When you consider strong electron correlation in materials, the resulting many-body problems can no longer be solved using simple algebra or even supercomputers. We will need to use approximations, and all of these are semi-empirical fits to experimental data, making the physics of correlated electrons a chicken and egg problem. To understand the properties of electron correlation, we have to rely on experimenting and characterizing materials, but this also makes the entire research time-consuming and a costly pursuit.

        This brings us to the genius of Neville Mott and other scientists who predicted and studied correlated electron materials over the last century. Mott studied transition metal oxides which are insulating, when by intuitive understanding at that time they should be metallic, due to a partially filled d-orbital. Mott argued that strong electron correlation was the reason for this discrepancy, and that electron correlation also gives rise to unexpected properties in these materials such as magnetism and ferroelectricity. An insight into why amorphous materials can sometimes behave as metallic and insulting other times won Mott the Nobel prize in Physics in 1977 and due to his initial work, these materials also came to be known as Mott insulators. Mott did many other phenomenal works during his lifetime and, therefore, he is considered one of the greatest and most admired scientists of the 20th century. If you are interested in reading more about his extraordinary life in science, we recommend his autobiography – A Life in Science.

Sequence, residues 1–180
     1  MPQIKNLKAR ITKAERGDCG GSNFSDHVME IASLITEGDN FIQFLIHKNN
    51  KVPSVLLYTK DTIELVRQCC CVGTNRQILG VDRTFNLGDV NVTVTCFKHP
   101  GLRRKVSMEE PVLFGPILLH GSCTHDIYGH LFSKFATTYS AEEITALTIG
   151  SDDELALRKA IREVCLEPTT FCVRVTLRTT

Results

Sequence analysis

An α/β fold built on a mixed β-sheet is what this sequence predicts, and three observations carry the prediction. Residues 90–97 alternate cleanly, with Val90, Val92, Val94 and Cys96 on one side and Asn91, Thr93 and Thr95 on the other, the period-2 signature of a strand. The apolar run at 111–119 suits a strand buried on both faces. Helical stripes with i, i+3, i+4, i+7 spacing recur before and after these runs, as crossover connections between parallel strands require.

Mott insulators are very different than band insulators that you might be familiar with. For example, crystalline Silicon is a type of band insulator in which electrons primarily interact with the periodic potential of the ions (also known as free particle approximation). The periodic potential allows the representation of electrons in terms of Bloch waves and results in a bandgap. If we break the periodicity in Silicon the Bloch waves no longer exist and the electronic band structure in amorphous Silicon changes drastically. On the other hand, Mott insulators such as NiO are dominated by electron-electron interactions rather than electron interaction with periodic lattice and this electron correlation creates an energy gap.

        Figure 1: 1D chain models to show the effect of electron correlation on carrier transport. The top atom chain has weak electron correlation, while the bottom atom chain has strong electron correlation. Each atom is assumed to have two available states in the highest energy orbital (shown by the boxes) and one of the states is occupied by an electron, which is shown by an arrow (indicating spin). The other available state in all orbitals is empty, making the orbitals “partially-filled”. Though the representation makes the chain look crystalline, the effect of electron correlation and relevant discussion is equally valid for amorphous solids.